Trade commission rules against steel dumping

2013-08-16T12:16:00Z 2013-08-16T18:54:16Z Trade commission rules against steel dumpingJoseph S. Pete joseph.pete@nwi.com, (219) 933-3316 nwitimes.com

A major investigation has been launched into whether foreign steelmakers are dumping subsidized steel in the United States at cut-rate prices.

The U.S. International Trade Commission ruled Friday that India, South Korea and seven other counties are harming domestic steelmakers by flooding the U.S. with cheap steel for gas and oil pipelines.

The preliminary finding means the U.S. Department of Commerce will continue forward with an investigation into whether the imports are below fair market value, and if tariffs should be imposed to raise prices.

U.S. Steel and several other major steelmakers filed a complaint alleging the violation of trade laws that prohibit exporting subsidized steel products. The Pittsburgh-based steelmaker has local operations in East Chicago, Gary and Portage.

"This is an extremely important case for our company," said John Surma, chairman of U.S. Steel.

Northwest Indiana's other steel giant, ArcelorMittal, makes steel products for the pipe and tube industries at its Indiana Harbor mill in East Chicago.

Domestic steelmakers protested that India, Korea, the Philippines, Saudi Arabia, Taiwan, Thailand, Turkey, Ukraine, and Vietnam have been dumping steel to take advantage of the explosive growth in shale gas-drilling. Imports from those countries have soared by 111 percent over the last few years, according to the American Iron and Steel Institute.

U.S. Rep. Pete Visclosky and other members of the bipartisan Congressional Steel Caucus backed the petition, and lobbied for tariffs that would raise the price of imports.

"I am pleased that the U.S. International Trade Commission took a step toward affirming the concerns of the steel caucus today and acknowledged that unfair trade puts American steelworkers and our manufacturing base out of work," Visclosky said.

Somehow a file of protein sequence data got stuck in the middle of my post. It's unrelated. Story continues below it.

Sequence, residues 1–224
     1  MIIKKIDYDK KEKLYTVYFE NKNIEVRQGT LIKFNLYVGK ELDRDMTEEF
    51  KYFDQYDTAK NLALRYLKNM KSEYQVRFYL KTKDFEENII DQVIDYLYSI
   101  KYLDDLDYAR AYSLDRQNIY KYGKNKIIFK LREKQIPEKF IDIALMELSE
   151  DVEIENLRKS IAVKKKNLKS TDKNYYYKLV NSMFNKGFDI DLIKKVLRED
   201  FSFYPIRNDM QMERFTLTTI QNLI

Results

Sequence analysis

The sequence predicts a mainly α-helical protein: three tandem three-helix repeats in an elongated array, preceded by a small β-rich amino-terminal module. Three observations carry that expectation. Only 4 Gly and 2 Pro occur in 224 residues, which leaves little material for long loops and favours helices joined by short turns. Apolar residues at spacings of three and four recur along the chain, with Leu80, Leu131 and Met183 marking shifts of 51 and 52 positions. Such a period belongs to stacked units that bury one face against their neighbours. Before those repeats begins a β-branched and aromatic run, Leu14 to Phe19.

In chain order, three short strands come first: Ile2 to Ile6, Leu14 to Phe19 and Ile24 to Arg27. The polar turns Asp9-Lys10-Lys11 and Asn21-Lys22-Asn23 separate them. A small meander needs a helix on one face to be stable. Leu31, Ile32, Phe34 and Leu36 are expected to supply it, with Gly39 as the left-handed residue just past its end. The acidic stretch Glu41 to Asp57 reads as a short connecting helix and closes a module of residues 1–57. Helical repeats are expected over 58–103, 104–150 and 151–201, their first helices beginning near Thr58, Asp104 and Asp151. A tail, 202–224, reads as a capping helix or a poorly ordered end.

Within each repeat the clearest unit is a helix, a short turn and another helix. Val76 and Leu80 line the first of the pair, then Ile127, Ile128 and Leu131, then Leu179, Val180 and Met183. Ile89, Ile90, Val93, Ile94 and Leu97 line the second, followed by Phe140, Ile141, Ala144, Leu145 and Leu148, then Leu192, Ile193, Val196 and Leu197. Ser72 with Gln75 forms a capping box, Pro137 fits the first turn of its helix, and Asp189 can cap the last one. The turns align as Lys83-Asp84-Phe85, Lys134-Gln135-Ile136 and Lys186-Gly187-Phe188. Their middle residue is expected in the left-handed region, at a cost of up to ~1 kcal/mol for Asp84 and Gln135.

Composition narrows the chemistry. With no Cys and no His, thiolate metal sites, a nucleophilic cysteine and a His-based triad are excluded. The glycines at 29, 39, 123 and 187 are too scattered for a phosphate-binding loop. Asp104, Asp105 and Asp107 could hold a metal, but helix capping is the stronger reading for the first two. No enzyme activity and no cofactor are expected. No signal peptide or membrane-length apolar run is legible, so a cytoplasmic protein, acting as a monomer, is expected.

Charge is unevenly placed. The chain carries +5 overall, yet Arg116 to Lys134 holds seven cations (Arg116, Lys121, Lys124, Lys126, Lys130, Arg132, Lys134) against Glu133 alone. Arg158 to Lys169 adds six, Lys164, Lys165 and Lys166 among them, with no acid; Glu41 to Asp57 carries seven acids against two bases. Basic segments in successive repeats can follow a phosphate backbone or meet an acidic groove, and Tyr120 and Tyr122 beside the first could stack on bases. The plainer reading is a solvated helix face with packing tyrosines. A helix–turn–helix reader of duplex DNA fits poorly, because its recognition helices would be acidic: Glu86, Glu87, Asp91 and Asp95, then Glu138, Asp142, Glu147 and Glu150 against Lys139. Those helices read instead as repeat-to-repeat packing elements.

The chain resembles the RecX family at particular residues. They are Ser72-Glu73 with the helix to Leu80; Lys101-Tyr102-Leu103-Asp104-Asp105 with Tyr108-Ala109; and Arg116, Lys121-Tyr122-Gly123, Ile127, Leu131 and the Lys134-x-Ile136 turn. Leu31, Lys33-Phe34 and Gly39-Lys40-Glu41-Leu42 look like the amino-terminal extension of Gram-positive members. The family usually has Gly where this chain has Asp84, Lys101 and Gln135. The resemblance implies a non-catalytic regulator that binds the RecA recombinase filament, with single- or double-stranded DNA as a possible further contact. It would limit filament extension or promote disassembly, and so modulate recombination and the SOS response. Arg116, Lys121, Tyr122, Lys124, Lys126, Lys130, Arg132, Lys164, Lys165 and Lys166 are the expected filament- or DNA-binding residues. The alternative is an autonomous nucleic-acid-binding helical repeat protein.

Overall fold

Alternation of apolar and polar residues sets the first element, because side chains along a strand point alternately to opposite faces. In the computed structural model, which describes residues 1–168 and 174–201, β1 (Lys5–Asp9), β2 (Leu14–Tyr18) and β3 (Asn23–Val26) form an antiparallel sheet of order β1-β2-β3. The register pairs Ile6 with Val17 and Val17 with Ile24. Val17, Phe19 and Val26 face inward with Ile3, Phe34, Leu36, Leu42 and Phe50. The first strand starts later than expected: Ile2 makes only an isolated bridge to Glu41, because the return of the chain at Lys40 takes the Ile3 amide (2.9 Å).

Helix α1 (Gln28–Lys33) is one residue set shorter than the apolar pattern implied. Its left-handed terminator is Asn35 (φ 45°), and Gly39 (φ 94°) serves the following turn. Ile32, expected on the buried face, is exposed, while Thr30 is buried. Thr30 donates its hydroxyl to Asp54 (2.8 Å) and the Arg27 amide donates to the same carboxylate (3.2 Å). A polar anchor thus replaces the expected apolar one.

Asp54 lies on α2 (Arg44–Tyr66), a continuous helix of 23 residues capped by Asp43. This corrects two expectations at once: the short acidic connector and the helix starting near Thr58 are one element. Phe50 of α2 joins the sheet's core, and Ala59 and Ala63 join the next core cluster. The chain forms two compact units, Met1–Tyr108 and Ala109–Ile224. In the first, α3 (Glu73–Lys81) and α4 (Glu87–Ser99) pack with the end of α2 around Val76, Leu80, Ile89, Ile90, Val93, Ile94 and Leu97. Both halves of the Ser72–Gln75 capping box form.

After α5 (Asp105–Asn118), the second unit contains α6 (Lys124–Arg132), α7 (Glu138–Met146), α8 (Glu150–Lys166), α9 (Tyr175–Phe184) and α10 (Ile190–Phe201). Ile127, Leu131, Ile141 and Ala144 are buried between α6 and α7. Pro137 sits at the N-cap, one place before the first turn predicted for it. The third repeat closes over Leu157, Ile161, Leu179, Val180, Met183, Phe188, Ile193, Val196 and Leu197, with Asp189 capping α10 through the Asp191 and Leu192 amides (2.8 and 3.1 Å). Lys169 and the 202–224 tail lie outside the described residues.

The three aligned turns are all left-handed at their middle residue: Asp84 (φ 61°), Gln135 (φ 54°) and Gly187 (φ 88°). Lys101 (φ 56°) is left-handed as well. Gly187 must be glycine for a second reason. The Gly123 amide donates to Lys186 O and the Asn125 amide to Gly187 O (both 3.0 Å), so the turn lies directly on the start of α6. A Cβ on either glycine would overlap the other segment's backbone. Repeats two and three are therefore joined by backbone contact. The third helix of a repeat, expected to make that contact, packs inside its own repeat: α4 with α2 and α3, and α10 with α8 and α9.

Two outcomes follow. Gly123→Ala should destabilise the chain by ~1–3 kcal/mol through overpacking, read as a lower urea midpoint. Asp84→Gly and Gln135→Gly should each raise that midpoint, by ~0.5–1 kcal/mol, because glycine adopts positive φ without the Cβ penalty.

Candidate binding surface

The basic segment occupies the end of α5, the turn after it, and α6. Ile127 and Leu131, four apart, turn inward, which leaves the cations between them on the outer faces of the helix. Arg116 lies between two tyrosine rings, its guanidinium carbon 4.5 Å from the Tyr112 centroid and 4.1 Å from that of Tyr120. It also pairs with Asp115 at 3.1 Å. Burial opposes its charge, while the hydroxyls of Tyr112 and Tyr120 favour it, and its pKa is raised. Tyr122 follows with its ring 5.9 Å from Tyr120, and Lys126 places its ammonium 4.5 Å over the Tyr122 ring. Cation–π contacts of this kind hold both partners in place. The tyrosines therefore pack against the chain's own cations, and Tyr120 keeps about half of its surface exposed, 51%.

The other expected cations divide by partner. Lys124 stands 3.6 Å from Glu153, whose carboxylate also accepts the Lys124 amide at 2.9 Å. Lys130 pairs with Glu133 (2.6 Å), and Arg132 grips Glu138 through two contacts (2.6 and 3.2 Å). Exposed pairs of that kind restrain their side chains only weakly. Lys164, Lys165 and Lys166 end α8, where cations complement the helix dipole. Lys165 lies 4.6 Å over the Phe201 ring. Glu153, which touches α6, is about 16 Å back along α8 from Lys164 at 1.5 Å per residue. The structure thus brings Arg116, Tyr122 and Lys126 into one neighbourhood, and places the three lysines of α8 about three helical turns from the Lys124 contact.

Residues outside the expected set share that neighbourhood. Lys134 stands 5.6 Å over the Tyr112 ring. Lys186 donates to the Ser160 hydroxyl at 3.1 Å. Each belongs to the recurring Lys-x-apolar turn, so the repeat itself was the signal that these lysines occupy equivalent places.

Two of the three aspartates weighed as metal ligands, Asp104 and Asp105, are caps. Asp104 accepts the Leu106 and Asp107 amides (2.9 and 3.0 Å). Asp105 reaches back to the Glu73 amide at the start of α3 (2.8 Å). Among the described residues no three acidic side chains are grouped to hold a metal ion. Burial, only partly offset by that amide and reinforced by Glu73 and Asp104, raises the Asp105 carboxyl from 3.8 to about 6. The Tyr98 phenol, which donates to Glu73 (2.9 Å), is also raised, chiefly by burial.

"As this case proceeds, I will not stop fighting to level the playing field for American workers."

The U.S. Department of Commerce will determine in September whether to impose countervailing duties that would offset the foreign subsidies, and would rule in December on whether to impose tariffs designed to discourage dumping.

"The U.S. laws against unfair trade exist to counter market-distorting practices -– like dumping and subsidies -– and to restore conditions of fair trade," said Thomas Gibson, president and chief executive officer of the American Iron and Steel Institute. "U.S. companies and their workers deserve to have a fair shake."

Rival industry association The American Institute for International Steel, which advocates for free trade, decried the commission's vote as overkill.

Domestic steelmakers are still operating profitable pipeline businesses, because the demand is booming, President David Phelps said. Both domestic and foreign steel products are needed to keep up with the growth in gas and oil distribution.

"While AIIS acknowledges that some overly aggressive suppliers had created an inventory overhang in the U.S. market, the domestic industry is profitable, investing and growing its capacity in response to increased oil and gas drilling in the United States," Phelps said.

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